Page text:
Our “Marooned Librarian” Hokie in South Africa has written an informative and delightful blog post about his experiences and work since his arrival May 2nd. Here’s an excerpt that will make you feel like you are there with him:
His photos range from “painted murals on some of the buildings” to the protea, a beautiful South African flower” to “the daredevils that paraglide from mountains over towers to the beach” (below).
Fulbright Specialist serves as consultant in Open Education (OE) and Open Educational Resources (OER)
Open Education, Copyright & Scholarly Communications Librarian
Library Liaison to Economics, Mathematics, and Legal Studies
firstname.lastname@example.org | Tel: 540-231-2204 | Fax: 540-231-7808 | Newman Library 422 | Twitter: @arwalz
Open Educational Resources Guide http://guides.lib.vt.edu/oerVirginia Tech
University Libraries (0434)
560 Drillfield Drive
Blacksburg, VA 24061
Veliswa Tshetsha, VT’s second visiting South African librarian scholar, hosted by Research & Informatics / Scholarly Communication Department
Ms. Veliswa Tshetsha, Research and Scholarly Communication Librarian from the Cape Peninsula University of Technology (CPUT), South Africa, presented on South Africa on Thursday, October 20, 2016 in the MuntiPurpose Room. Her presentation began with discussion of the eleven official languages, the South African freedom movement, public holidays, and heritage sites that were established as a result of political movements. She spoke of South African political history, student movements in the 1970s, and the current turmoil in higher education in South Africa. Veli explained her strong motivation to visit VT, which, besides being her first visit to the USA, is also based on CPUT’s need to advance library research support necessary for the expansion of scholarly communication (SC) in the university. Veli’s talk was wide-ranging, covering topics Open Journal System (OJS), editors, students, coding opportunities, Open Educational Resources (OER), Copyright, Creative Commons, Researcher profiles, SC, Open Access (OA), Impact/Altmetrics, and SC Literacy Curriculum.
Professor Gail McMillan, Director of Scholarly Communication, designed an intensive program for Veliswa to experience every aspect of our program. Gail mentors our South African visiting scholar several times a week. Members of the team got together and threw Veli a “covered dish” lunch, an American custom in which every participant brings a favorite food to contribute to a communal meal. Many folks have extended a heartfelt Hokie welcome to Veli, such as Jana Doyle for making her downstairs apartment available again this year, Inga Hausen for sharing her office, and Anita Walz for making arrangements for Veli to attend the Open Education Conference in Richmond.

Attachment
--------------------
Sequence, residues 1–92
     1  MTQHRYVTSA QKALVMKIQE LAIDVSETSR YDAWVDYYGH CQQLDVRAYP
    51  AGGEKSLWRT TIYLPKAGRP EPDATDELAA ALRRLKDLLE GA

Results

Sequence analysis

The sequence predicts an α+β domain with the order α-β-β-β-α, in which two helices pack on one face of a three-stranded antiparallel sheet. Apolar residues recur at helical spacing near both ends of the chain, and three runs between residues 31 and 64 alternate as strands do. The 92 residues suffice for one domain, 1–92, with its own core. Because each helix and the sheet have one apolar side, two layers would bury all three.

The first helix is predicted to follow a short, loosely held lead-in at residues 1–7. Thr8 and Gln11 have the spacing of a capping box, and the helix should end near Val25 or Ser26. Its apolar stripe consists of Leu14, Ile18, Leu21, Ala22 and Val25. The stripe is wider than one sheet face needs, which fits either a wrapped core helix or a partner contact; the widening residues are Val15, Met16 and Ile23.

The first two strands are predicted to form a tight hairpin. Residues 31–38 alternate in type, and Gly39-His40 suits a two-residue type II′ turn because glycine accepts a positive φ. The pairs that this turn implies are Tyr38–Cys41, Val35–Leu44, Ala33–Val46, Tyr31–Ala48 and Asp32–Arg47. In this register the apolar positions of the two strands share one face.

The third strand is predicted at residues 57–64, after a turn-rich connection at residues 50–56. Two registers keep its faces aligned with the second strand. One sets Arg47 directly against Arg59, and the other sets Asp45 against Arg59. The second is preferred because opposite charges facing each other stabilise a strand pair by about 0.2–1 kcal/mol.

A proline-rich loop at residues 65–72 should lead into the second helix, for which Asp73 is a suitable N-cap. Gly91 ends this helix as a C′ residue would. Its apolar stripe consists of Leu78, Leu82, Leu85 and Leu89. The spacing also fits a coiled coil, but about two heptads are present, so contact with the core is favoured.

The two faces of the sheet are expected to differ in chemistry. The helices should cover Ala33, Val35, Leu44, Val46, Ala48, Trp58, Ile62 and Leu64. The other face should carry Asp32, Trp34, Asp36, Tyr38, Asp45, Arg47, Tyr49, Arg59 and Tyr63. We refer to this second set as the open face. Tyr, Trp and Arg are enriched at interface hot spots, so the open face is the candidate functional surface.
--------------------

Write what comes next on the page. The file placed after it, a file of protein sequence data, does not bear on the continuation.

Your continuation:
(Photo above) Presenters at the Serials and other Continuing Resources program are (left to right) Sofie Wennström, Stockholm University Library; Anjana H. Bhatt, Florida Gulf Coast University; Clément Oury, ISSN International Centre; Gayle R.Y.C. Chan, University of Hong Kong Libraries; and Gaëlle Béquet, ISSN International Centre.
IFLA 2016 Serials and Other Continuing Resources Section Report: Program in Columbus, Ohio
The International Federation of Library Associations and Institutions (IFLA) Section on Serials and Other Continuing Resources (SOCRS) “concerns itself with all issues which make serial publications unique in both the print and electronic environments.” We met twice during the 82nd World Library and Information Congress (WLIC). Working within the congress theme, “Connections. Collaboration. Community,” we organized Session 114, “The Role of Stakeholders in the New Serials World.” Here follows a list of titles and authors of our guest speakers’ presentations. For links to the authors’ papers, please check the SOCRS URL listed above for updates. (Gaëll’s paper is already linked below.)
- Open Access Collections: Current Scenario in American Academic Libraries and a Sample Work Flow, by Anjana H. Bhatt, Florida Gulf Coast University, United States
- Questionable Practices in Scholarly Publishing: The Stance of the ISSN Network (Paper in English), by Gaëlle Béquet, Director, ISSN International Centre, France
- Revising the ISSN: involving stakeholders to adapt a bibliographic standard to its ever-changing environment, by Clément Oury, ISSN International Centre, France
- Managing the Transitional Impact of Open Access Journals, by Gayle R.Y.C. Chan, Libraries, and Allan C.S. Cheung, Department of Chemistry, University of Hong Kong., Hong Kong
- Stockholm University Press – for researchers, by researchers – but what does the library publisher add? By Sofie Wennström and Birgitta Hellmark Lindgren, Stockholm University Library, Sweden
Satellite meetings: SOCRS also co-sponsored two satellite meetings this congress:
- “RDA in the Wider World:” SOCRS, along with the RDA Board, the RDA Steering Committee and the IFLA Cataloguing Section, sponsored this satellite meeting at OCLC’s headquarters.